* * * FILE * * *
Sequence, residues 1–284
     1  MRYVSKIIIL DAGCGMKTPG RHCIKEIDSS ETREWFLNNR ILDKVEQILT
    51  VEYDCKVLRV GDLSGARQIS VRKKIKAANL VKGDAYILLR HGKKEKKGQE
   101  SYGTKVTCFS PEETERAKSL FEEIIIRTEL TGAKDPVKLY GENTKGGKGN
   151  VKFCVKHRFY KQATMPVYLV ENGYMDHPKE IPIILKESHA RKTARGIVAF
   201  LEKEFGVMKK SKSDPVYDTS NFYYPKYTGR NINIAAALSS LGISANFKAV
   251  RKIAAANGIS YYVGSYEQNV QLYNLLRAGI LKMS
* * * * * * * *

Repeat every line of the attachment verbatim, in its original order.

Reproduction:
Sequence, residues 1–284
     1  MRYVSKIIIL DAGCGMKTPG RHCIKEIDSS ETREWFLNNR ILDKVEQILT
    51  VEYDCKVLRV GDLSGARQIS VRKKIKAANL VKGDAYILLR HGKKEKKGQE
   101  SYGTKVTCFS PEETERAKSL FEEIIIRTEL TGAKDPVKLY GENTKGGKGN
   151  VKFCVKHRFY KQATMPVYLV ENGYMDHPKE IPIILKESHA RKTARGIVAF
   201  LEKEFGVMKK SKSDPVYDTS NFYYPKYTGR NINIAAALSS LGISANFKAV
   251  RKIAAANGIS YYVGSYEQNV QLYNLLRAGI LKMS